Half-time: Wycombe Wanderers 0 Hayes 0
Crump resumed his normal position at the start of the second half and Wycombe began to have the better of the game. Holding again saved well from an Arthur Greenwell shot and Bill Brown lashed in a fierce drive that flew inches wide of the upright. It seemed that a goal was just a matter of time but there was more frustration when following a free-kick Alf Britnell's shot skimed the top of the Hayes crossbar. Hayes too had chances to score, striker Lloyd wasting a good chance before the Wanderers survived a real scare with just 15 minutes to go. Sid Crump appeared to have handled the ball in the area yet despite claims for a penalty, Referee, Mr Graham, awarded Hayes a free-kick on the edge of the box.
The game was into the last ten minutes and a Wanderers attack developed into a goalmouth scramble, and whilst laying on the ground, Hayes' Bill Caesar handled the ball. This time the referee had no doubt and pointed straight to the spot. Wanderers Bill Brown stood forward to take the penalty for Wycombe, but fired the ball straight at Missioners 'keeper Holding. However, he could only push the ball back out and Alf Britnell reacted first to the re-bound to fire the ball into the back the net.
Wycombe played out the last few minutes of the game without any problems, and final whistle blew to herald Wanderers first, and only, Amateur Cup triumph. Captain Pat Badrick went up to collect the cup amid joyful scenes of celebration.
Final score: Wycombe Wanderers 1 Hayes 0
Wycombe Team: Kipping, Crump, Cox, Badrick, Rance, Simmons, Greenwell, Brown, Vernon, Braisher and Britnell.
Scorers: Britnell 81
Hayes Team: Holding, Maskell, Gower, E Caesar, Wainwright, W Caesar, Knight, Rowe, Morgan, Welsh and Lloyd.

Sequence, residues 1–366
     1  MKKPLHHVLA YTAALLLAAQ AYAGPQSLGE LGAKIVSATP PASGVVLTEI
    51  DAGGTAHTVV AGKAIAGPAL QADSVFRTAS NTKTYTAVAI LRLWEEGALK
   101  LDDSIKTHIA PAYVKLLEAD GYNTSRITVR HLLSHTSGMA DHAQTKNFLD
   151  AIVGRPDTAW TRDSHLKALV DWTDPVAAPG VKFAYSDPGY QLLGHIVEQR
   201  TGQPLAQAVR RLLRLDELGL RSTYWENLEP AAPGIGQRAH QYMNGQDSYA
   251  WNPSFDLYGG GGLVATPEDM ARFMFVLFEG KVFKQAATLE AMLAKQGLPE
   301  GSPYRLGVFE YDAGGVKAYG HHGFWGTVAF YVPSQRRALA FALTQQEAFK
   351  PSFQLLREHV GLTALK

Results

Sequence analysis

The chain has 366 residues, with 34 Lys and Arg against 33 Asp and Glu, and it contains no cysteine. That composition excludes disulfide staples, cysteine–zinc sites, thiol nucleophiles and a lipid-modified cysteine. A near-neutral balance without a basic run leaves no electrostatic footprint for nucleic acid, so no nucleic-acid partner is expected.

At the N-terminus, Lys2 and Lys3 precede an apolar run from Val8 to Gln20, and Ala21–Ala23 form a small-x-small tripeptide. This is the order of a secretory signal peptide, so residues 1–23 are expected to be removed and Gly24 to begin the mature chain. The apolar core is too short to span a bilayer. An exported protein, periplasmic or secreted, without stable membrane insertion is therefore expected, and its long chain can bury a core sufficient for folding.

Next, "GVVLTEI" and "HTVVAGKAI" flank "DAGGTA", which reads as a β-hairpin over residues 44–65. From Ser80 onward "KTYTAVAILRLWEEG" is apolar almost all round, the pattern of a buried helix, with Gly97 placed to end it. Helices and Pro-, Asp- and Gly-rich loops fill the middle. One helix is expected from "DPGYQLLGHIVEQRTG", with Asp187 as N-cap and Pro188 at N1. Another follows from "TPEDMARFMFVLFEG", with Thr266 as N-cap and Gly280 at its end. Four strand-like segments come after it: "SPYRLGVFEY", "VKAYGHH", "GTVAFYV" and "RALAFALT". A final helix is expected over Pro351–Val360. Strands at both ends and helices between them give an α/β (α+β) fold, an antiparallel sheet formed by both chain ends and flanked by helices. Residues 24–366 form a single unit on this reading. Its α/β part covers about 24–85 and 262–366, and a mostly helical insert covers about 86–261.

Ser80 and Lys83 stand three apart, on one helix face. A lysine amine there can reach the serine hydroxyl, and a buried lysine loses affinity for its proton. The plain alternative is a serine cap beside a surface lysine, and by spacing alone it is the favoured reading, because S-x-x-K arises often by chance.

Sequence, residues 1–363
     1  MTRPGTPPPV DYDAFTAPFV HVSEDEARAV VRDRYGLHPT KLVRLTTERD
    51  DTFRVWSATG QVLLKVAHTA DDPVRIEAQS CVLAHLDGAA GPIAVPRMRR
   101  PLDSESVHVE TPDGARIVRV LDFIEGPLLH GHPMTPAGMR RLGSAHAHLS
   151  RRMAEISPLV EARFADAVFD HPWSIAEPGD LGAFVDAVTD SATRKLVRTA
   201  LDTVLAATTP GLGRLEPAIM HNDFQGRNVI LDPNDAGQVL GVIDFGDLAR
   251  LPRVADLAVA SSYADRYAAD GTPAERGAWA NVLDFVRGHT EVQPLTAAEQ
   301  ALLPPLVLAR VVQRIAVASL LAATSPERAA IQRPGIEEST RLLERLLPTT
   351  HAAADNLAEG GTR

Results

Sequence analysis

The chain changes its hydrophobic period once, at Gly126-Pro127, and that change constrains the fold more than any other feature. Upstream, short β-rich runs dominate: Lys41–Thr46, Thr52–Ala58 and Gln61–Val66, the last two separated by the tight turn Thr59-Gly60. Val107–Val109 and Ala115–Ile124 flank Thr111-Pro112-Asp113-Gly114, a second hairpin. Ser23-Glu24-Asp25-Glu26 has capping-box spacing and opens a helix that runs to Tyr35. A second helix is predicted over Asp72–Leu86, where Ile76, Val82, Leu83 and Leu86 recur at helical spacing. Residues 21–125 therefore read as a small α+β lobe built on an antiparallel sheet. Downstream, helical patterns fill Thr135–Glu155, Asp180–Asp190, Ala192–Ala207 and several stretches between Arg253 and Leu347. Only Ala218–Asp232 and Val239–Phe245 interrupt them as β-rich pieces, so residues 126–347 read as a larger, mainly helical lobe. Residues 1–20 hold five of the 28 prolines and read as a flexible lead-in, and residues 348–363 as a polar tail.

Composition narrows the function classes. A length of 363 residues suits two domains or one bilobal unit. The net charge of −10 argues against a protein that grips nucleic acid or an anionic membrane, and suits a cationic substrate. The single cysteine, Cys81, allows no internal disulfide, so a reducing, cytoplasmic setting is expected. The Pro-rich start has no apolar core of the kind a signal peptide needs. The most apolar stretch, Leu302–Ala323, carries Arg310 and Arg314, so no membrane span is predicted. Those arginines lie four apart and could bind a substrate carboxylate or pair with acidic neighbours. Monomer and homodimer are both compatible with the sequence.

An estimated 10,000 people cheered their triumphant team home when they returned to Guildhall in High Wycombe later that evening where the scenes were described by the local press as "unprecendented in the history of the old borough." Crowds amassed nearly two hours before the train carrying the Wanderers players eventually arrived back in town at around 9pm. They were welcomed by Mayor Healey and the Bucks Free Press report added, "The cheers were deafening and could have been heard miles away." A waiting brake vehicle which had been towed from Wooburn Green carried the players on a procession through the High Street and to the Guildhall where speeches were made and each player given an ovation in turn.
The Mayor said in his speech, "In the name of our dear old town I say to the Wanderers - Welcome Home! We honour you tonight for the distinction you have, by your determination and clean sportsmanship brought to High Wycombe. We're proud of you and proud of what you have so well done to add to the fame of our wonderful old borough (cheers)" The Mayor went on to pay tribute to "our twelfth man - Timberlake". The Mayor then added in his speech, "Realising how difficult I have found it to restrain myself from becoming perhaps, not altogether dignified - (cheers) - I cannot blame you if the joy of such a crowd of 'happy faces' should become boisterous but I am confident we shall curb our enthusiasm so that, looking back, this night will long be recorded in the history of our old borough, with nothing but justifiable pride (cheers)" Holding aloft the Cup, the Mayor then said "Now show them what we think of them." The cheers were loud and long.
The following month four hundred people attended a celebration dinner in the Town Hall where amongst numerous speeches and toasts conducted by former Club Captain Frank Adams, it was revealed that John Timberlake had been permitted an Amateur Cup winners due to a special ruling by the FA.